By George Anastasia
An outsider can buy his way into the Philadelphia mob for $10,000.
That, at least, is what New York mob informant Anthony Aponick said he was asked to cough up to George Borgesi while they were cellmates in a federal prison in West Virginia back in 2003.
"He said I would become a member of his crew," said Aponick as he testified today at the racketeering conspiracy retrial of Borgesi and his uncle, mob boss Joe Ligambi. "He wanted $10,000."
The membership fee was just 10 percent of what Boston mobster Bobby Luisi said he had to pay Joey Merlino back in the late 1990s to become a made member of the organization. Whether that was a reflection of an economic downturn in the underworld or whether Aponick was getting a special discount could not be determined. Like Aponick, Luisi became a close associate of Borgesi's. And like Aponick, he eventually became an FBI informant.
Aponick said his dealings with Borgesi also came with an ominous warning.
"Listen, no matter what, don't fuck me," he said Borgesi told him as Aponick was about to be released from prison in 2003. "If you fuck me, I'll kill you and your whole family."
Aponick, who was already cooperating with the FBI by that time, disregarded the warning.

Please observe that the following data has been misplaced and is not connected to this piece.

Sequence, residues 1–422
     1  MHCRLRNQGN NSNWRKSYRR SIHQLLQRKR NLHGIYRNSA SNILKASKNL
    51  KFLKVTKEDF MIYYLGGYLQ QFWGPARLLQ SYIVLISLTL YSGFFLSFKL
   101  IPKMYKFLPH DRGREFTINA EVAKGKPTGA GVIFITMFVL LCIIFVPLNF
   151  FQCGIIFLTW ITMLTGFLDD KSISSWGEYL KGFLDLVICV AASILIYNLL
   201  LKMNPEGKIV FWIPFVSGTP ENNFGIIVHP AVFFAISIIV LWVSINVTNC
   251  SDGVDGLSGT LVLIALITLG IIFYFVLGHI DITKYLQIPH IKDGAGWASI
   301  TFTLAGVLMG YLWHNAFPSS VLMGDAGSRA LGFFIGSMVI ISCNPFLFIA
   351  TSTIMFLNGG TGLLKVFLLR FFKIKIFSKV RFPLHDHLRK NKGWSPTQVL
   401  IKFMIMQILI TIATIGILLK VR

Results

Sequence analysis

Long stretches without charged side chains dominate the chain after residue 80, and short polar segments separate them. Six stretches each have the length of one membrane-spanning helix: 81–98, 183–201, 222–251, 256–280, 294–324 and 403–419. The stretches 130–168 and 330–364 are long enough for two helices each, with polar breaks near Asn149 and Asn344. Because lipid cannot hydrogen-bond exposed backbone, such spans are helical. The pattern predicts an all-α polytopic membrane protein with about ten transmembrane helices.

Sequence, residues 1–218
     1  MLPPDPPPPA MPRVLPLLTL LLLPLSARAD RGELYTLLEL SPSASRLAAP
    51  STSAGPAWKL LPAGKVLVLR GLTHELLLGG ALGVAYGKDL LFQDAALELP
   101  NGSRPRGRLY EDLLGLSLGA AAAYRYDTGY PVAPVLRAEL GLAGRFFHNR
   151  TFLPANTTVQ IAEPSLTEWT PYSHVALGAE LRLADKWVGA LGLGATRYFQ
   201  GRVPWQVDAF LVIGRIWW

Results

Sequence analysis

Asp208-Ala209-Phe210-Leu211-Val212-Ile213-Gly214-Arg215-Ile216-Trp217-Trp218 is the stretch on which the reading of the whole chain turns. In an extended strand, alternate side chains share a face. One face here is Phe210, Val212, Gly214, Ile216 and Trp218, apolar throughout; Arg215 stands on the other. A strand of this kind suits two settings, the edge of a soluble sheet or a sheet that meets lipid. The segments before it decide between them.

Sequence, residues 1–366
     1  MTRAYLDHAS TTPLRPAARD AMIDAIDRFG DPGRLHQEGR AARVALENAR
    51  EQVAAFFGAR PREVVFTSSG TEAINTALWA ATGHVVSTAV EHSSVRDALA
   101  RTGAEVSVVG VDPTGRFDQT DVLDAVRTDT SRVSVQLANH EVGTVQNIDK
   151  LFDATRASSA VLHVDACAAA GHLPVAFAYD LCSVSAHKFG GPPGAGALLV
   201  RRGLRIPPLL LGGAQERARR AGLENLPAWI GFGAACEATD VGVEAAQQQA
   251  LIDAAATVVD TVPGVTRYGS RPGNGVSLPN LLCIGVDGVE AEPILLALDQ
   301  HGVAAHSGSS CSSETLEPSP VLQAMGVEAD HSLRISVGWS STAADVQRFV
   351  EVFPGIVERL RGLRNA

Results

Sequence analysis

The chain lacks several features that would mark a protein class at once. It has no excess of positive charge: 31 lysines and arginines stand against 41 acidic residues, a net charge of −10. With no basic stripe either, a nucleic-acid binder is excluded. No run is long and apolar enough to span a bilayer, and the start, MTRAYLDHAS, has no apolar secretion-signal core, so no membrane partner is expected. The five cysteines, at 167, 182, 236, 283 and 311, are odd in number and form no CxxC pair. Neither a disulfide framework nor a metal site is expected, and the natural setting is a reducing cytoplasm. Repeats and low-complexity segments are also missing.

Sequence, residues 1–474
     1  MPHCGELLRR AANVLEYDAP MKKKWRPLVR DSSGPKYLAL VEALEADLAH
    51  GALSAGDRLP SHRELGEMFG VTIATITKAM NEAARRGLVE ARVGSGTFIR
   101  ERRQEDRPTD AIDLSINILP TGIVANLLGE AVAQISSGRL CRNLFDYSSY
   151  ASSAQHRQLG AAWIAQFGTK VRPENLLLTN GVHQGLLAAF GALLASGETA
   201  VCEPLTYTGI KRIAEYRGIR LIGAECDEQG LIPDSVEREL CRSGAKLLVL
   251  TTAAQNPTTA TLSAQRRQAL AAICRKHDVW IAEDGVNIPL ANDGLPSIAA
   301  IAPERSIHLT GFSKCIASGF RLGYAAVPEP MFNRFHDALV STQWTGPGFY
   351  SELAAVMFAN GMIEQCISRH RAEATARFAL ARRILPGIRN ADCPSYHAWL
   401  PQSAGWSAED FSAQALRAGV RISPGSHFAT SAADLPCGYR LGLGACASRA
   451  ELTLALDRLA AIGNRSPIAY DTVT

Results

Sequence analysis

Aponick celebrated his 43rd birthday this morning by making his public debut as a government witness. Describing himself as an associate of the Bonanno crime family in New York, he said he befriended Borgesi after being transferred to the federal prison in Beckley, W. Va., in 2002.
Borgesi was serving a 14-year sentence for a racketeering conviction. Aponick had been sentenced to 93 months for a series of armed robberies. They and several other mob members and associates hung out together in the federal institution, Aponick said.
He described Borgesi as a "serious" mobster, but also as a funny and witty individual whom he genuinely liked. He said that laughed, joked and cooked meals together, and eventually became cellmates.
While reticent to discuss mob business at first, Aponick said Borgesi eventually confided in him and also urged him to move to Philadelphia after he was released from prison. While he was not a full-blooded Italian-American (his mother was Italian, but his father was Ukrainian and Lithuanian), Aponick said Borgesi assured him that he could become a made -- formally initiated member -- of the Philadelphia mob.
The price tag was $10,000.
Aponick is due back on the stand when the trial resumes tomorrow. His testimony is considered crucial to the government's case against Borgesi who prosecutors allege continued to run a mob operation from prison while serving his 2001 sentence for a racketeering conviction.
Dressed in a gray, sharkskin suit, white shirt and tie, and speaking with a thick Brooklyn accent, the five-foot-six Joe Pesce-look-alike gangster testified for nearly four hours. Much of what he said supported and corroborated the testimony of Louis "Bent Finger Lou" Monacello, another Borgesi associate who finished three days of testimony on Tuesday.
Among other things, Aponick said Borgesi boasted of his own involvement in 11 mob murders, some of which he had been charged with and acquitted, and others for which he had avoided prosecution.
"He told me he beat 11 murders," said Aponick. "I'm from the streets. When you say you beat something, that means you did it."
Like Monacello, Aponick described Borgesi, 50, as someone who enjoyed his status as a mob leader and his reputation for violence.